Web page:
- Expose for the person’s face. This will mean the background appears very dark, or even black. The background may be at a -2 or -3 exposure value.
- Wait for people to walk into the lit up area, and then photograph them. You will need to wait patiently for people to walk by, into the correct area.
Waiting for people to walk into the light isn’t the only time patience will be needed. You might have a natural frame like a doorway, so you will need to wait for someone to walk through it. This approach is not unlike fishing, and the time spent waiting for the right moment can be calming. The most important thing is to make sure your composition and camera settings are already set. Now it’s just a waiting game for somebody to walk past. Alternatively, you could speed things up by asking a friend to walk into the frame.
3. Do you ask for permission?
When the person you’re photographing is your friend or a model, then in most cases asking permission would not be needed, and indeed might be strange to ask. Photographing a stranger is a different proposition though, so to ask or not to ask, that is the question.
4. Candid versus staged?
This is related to the question above, but you can get candid photos even after asking permission. If the quest here is for authenticity, can you capture a great moment with your camera that’s natural? This is the aim of many photographers. However, if your aim is to tell a story through a series of photos you should really try and get a mixture of both. On an individual basis, let’s weigh up both the pros and cons of candid and staged photos.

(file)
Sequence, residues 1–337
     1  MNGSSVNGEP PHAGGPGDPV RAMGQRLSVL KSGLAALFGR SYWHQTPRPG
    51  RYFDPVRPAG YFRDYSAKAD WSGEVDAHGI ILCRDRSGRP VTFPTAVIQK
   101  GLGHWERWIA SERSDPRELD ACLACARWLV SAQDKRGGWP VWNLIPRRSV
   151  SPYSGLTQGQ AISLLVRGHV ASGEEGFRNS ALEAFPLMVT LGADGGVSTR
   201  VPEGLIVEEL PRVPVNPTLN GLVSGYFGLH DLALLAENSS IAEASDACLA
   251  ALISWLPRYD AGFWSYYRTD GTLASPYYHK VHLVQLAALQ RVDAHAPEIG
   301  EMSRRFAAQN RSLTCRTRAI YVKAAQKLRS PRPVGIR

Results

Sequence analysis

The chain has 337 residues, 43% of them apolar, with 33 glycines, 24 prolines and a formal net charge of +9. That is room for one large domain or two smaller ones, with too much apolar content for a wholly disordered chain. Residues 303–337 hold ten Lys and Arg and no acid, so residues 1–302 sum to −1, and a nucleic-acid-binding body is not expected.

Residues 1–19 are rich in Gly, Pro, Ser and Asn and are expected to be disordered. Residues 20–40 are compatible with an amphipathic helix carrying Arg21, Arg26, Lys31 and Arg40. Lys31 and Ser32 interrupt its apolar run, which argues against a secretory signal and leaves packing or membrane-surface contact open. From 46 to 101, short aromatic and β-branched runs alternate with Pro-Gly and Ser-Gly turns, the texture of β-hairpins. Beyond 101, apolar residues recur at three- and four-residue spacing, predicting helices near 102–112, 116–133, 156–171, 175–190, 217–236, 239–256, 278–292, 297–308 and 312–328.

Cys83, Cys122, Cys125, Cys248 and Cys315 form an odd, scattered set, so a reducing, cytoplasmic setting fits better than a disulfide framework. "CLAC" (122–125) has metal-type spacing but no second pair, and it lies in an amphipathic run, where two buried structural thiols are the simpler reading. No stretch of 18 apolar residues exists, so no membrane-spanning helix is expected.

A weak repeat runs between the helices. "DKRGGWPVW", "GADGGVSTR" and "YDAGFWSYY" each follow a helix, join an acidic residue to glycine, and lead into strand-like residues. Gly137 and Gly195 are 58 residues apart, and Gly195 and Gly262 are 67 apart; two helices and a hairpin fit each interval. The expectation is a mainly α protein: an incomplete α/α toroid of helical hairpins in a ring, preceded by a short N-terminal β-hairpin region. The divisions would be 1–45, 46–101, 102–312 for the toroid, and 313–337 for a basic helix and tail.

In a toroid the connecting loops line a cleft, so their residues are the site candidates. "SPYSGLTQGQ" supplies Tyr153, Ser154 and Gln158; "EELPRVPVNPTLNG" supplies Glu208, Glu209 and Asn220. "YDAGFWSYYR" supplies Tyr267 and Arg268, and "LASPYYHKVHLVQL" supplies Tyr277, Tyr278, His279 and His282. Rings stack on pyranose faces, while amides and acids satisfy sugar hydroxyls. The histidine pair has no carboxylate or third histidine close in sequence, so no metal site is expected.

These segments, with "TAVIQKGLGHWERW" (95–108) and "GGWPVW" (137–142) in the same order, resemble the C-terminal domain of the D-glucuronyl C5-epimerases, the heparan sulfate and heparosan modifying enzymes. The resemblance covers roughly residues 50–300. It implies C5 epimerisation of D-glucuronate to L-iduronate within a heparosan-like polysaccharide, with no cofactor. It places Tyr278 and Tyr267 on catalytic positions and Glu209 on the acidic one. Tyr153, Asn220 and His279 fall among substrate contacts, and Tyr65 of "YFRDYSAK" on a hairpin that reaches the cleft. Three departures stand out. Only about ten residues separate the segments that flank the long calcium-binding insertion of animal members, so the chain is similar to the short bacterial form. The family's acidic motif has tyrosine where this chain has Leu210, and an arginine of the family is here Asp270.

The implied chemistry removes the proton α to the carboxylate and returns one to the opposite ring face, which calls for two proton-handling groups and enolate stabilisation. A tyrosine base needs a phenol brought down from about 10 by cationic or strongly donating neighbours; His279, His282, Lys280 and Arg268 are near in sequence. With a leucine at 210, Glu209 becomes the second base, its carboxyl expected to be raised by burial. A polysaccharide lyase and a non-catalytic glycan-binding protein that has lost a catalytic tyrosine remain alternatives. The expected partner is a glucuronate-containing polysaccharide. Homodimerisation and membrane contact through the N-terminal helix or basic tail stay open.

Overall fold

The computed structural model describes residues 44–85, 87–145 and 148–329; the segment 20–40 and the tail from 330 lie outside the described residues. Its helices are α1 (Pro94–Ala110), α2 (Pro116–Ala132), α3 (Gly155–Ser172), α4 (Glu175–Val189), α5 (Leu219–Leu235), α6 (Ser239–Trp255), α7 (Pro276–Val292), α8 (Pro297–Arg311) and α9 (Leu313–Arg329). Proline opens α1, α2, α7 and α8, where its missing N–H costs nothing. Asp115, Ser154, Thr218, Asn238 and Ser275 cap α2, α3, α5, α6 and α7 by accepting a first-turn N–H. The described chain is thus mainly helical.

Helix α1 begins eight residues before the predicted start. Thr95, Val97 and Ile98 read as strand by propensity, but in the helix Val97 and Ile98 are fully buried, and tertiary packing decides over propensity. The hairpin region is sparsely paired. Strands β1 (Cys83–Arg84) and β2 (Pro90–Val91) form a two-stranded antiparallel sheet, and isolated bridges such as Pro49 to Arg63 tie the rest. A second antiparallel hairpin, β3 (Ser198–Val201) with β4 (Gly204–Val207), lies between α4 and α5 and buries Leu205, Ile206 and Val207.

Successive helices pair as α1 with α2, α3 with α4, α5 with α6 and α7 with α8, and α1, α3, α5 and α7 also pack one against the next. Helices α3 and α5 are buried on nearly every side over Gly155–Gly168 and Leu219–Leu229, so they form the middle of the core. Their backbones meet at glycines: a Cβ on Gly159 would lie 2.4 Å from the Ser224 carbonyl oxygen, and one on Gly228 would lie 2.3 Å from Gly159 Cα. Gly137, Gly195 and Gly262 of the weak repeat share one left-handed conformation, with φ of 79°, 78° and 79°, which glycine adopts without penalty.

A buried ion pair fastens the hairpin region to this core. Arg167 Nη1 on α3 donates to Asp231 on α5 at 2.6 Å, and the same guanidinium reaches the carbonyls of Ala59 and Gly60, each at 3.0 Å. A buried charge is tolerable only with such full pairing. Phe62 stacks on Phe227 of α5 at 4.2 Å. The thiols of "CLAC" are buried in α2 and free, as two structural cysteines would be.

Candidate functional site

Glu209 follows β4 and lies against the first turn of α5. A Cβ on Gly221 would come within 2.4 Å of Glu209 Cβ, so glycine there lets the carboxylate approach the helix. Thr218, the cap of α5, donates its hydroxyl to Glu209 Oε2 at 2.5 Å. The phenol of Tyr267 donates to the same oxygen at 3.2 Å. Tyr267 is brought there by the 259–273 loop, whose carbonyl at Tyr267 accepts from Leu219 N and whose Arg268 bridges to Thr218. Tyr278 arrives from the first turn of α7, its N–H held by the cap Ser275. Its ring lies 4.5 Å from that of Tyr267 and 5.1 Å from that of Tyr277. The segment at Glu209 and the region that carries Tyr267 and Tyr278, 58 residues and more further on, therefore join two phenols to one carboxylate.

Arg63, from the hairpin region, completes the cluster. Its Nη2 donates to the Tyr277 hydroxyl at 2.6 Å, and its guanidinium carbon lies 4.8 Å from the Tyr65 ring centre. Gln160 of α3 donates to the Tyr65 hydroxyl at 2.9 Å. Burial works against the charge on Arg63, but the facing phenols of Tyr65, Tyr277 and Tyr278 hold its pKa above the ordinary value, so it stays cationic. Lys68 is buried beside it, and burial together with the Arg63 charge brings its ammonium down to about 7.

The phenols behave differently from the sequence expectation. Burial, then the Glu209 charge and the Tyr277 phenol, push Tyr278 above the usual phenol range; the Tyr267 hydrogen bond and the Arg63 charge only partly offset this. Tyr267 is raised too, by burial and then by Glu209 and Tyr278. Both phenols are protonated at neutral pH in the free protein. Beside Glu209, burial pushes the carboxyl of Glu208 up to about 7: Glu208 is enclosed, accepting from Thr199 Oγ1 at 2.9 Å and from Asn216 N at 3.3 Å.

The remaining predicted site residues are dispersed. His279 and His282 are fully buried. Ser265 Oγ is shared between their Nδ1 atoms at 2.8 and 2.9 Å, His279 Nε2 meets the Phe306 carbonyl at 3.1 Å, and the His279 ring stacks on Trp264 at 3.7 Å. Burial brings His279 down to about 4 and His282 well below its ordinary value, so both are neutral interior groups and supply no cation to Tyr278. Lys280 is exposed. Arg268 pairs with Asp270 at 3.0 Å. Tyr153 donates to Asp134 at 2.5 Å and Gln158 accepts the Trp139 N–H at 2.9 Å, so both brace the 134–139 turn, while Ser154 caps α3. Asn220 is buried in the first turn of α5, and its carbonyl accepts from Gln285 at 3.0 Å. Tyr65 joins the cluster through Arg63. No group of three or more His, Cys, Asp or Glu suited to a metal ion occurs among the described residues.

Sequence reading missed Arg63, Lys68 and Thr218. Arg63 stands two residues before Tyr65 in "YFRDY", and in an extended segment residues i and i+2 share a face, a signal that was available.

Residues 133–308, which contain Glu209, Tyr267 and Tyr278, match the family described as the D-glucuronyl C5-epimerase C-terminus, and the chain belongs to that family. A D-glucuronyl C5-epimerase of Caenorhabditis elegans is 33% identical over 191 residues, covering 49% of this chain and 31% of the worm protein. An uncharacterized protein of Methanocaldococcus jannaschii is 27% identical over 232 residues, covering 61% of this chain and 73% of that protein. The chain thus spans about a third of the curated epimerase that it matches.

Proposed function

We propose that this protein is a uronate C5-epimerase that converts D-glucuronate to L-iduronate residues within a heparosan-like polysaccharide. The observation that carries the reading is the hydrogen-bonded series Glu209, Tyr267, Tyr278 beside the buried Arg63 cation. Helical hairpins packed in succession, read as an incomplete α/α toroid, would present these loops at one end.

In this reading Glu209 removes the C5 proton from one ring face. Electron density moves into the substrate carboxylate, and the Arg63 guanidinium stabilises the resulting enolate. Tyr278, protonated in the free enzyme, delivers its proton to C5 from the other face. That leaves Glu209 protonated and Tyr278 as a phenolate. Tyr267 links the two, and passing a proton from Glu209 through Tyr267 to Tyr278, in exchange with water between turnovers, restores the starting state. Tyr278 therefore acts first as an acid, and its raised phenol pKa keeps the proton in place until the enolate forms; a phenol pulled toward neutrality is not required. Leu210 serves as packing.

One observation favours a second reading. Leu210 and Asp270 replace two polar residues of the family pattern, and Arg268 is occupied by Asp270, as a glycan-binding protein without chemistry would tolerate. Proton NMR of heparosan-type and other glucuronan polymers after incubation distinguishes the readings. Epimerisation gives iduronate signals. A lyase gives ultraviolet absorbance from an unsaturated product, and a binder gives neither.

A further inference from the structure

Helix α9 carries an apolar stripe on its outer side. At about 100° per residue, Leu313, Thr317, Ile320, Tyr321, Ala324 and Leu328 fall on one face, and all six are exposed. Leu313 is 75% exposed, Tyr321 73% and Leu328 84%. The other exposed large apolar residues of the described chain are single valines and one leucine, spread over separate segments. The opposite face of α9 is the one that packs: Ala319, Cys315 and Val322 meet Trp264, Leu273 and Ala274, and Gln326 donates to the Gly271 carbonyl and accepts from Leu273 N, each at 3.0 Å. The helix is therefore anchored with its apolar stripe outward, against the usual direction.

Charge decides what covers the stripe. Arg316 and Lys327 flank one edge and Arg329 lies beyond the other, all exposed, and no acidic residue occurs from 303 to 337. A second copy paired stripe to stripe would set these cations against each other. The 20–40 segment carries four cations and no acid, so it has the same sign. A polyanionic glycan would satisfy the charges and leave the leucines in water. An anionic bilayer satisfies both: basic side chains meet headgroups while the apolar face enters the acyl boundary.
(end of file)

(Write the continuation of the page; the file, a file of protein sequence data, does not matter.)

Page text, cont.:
5. Where should you take people photos?
The answer to that is anywhere there are people, which is more or less everywhere. You can also choose a location to visit such as a market. Below are a few ideas you can try, though you may have some better ideas specific to where you live.
- The market – This is the stock location for many people wanting to take people photos. There will always be people at the market. You can take photos of the vendors, customers, or the vendors and customers interacting. The downside is the people working in the market may not like yet another photographer take photos of them. This is where building relationships with the people in the market can help.
- Public transport – A great reason to avoid the taxi, and leave your car at home. Getting on public transport is a great way to explore a location, and the people there. Be aware that in some locations you will need to get permission from the transport operator, as well as the people you are photographing.
- A harbor – Anywhere there is a river will likely have a harbor. The life of people working in these places can produce great photographs. You will need to be prepared to wake up early in the morning to see the fishermen at work. This is another great example of how building relationships help, you might be invited onto one of their boats if you get to know a fisherman.
- Festivals – This could mean a cultural festival such as Chinese new year, or a rock concert. Festivals will have people dressed in attention grabbing clothes that look great when photographed. You may find people more open to having their photo taken at an event as well, because they’re having a good time, and are often dressed well.